“As long as everyone gets the forms they’re supposed to get, they’ll stay happy,” said Mike.
So we continued on with our tour of the airport for a good hour before we were finally admitted to the U.S. Protectorate of Puerto Rico.
The next morning, we took off early and headed off to our first re-fuelling stop in the American Virgin Islands. As Duke slammed the Apache’s tortured landing gear onto Charlotte-Amelie’s solitary runway, I looked out the window … and saw Paradise!
It didn’t take long to see why they called this place “The Virgin Islands.” Most of the Island was an untouched Garden of Eden. This wasn’t lost on Brandon, and although we had to keep moving to reach our destination by nightfall, Mike made time to speak with some of the local pilots.
As we took off, he gave us the fascinating news that the nearby British Virgin Islands were in dire need of a regular commercial air service.
“Really?” I said, as I looked off our wing towards the BVI islands, glittering like jewels in this azure sea.
“Maybe we should look into that, Pre-Pubic,” said Brandon. “I think you’d really fit in there.”
“Why’s that?” I asked.
“Well, you’re British, and they are called the British Virgin Islands …”
I glowered while the others laughed.
Particularly as the bastards were right.
But the laughter didn’t last long, because it was right about then that I saw a very troubling sight out my window.
Uh, Mike … I think we may have a problem,” I called out nervously.
“What?” he answered, with annoyance.
“Um … I think we have an oil leak,” I stammered, pointing at the right engine.
Brandon gave me a bad look, turned to look at the engine—then turned white.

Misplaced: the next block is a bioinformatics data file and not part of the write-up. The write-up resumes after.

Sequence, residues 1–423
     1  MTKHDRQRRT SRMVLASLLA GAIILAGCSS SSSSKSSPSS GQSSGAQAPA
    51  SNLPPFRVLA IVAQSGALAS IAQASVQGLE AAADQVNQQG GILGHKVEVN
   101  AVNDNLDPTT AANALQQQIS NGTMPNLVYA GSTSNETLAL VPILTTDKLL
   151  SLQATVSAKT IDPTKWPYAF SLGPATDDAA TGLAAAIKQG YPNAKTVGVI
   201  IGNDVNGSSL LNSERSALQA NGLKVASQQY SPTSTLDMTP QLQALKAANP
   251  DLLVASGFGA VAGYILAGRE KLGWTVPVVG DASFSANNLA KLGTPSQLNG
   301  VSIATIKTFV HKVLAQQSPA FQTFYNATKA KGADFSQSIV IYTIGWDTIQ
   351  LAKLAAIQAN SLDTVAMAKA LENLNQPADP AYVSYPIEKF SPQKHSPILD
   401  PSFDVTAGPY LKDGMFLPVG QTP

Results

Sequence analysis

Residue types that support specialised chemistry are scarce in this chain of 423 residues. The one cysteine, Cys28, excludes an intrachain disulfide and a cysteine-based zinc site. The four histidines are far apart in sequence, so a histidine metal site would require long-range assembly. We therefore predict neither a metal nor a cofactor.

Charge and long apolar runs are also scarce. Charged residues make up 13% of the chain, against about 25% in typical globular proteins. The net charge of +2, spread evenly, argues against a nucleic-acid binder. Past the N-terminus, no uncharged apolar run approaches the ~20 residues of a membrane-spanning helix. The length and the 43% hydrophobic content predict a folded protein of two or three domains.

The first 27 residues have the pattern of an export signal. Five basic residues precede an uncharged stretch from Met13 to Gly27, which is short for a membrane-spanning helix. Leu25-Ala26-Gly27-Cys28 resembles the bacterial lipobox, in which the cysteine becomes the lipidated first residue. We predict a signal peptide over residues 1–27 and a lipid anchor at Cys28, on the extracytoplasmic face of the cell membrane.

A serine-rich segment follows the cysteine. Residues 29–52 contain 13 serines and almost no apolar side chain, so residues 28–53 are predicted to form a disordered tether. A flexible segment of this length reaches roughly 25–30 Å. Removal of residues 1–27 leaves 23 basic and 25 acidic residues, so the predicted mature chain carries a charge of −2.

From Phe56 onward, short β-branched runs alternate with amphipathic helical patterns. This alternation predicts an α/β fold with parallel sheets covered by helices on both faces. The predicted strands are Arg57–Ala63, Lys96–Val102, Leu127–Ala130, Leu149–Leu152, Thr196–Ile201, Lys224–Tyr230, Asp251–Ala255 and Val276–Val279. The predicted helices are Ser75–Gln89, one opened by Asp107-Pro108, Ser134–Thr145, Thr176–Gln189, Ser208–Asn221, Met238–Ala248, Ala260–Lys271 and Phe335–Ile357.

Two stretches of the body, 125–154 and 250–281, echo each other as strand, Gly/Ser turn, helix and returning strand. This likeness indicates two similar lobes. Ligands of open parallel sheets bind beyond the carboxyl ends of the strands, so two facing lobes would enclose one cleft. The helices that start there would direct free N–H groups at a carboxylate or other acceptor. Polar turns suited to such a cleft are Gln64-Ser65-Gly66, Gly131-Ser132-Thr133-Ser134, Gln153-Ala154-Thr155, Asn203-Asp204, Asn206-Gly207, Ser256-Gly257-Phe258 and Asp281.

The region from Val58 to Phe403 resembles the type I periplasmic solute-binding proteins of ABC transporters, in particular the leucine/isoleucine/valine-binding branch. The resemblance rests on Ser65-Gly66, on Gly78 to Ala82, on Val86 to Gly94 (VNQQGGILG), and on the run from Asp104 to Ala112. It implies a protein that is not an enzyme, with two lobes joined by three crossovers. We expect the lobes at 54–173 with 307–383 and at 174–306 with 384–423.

“Whoa! My plane,” said Brandon as he took the controls from Duke and banked the Apache sharply back towards Charlotte Amelie.
All four of us now flipped our attention between the long black streak running down the right engine’s cowling and the oil pressure and temperature gauges, which would tell us when the engine was going to seize. I was surprised at how worried the others looked and pointed out that we really didn’t have to worry as we had two engines.
“SHUT UP,” all three responded in unison.
I didn’t say anything, as I must have missed some important point—though for the life of me, I couldn’t think what that might be.
We were only about ten miles out from Chalotte-Amelie, when Wortsie suddenly had a thought that seemed to quite distress him.
“Um, Mike …” he said.
“I’m busy,” Brandon replied—eyes glued on the slowly rising oil temperature needle.
Wortsie nodded—but after a beat, I could tell he really wanted to say something.
“It’s just that …”
”What?” snarled Brandon.
“You haven’t told Charlotte Amelie we’re coming back.”
Brandon’s eyes snapped to the radio—which he’d turned down as soon as we’d left American airspace. As he cranked up the volume, we immediately heard a very tense Air Traffic Controller pleading with the inbound aircraft to identify itself immediately.
As Brandon began to do that, I asked Wortsie why everyone seemed so upset.
“This is an American Defence Zone,” he answered. “And it’s a very bad idea to penetrate a US defence zone without telling them.”
As I tried to take this in, I heard the Controller warn Brandon to continue flying straight and level and not make any sudden moves. When I asked Wortsie why the man would say that, I discovered my seatmate had his head cranked around in a desperate attempt to look back over the tail (which was difficult as the Apache has no rear window.)
You see him?” asked Brandon.
“No,” said Wortsie.
“See who?” I asked.
“The guy behind us in a fighter—with his finger on the trigger,” Brandon snapped back.
I pulled my shoulders in, trying to present as small a target as possible while Brandon tried to convince the folks on the ground that we were returning due to an in-flight emergency.
Eventually, the Controller called back and said, “Okay, Canadian Civil Lima, Lima Victor.
You’ve been positively identified and are cleared for a straight-in approach to runway 09.”
“Positively identified,” I said to Wortsie. “How’d they do that?”
Wortsie pointed to a contrail streaking vertically upwards from behind us.
We were later told we’d had a very close call.
Watch for Episode 9 of “Those Thrilling Days of Yesteryear,” “Volcanoes in Paradise,” on Sunday, May 23rd.
About the Author
Glenn Norman is a Co-Founder and the Editor of Why Fly. Learn more.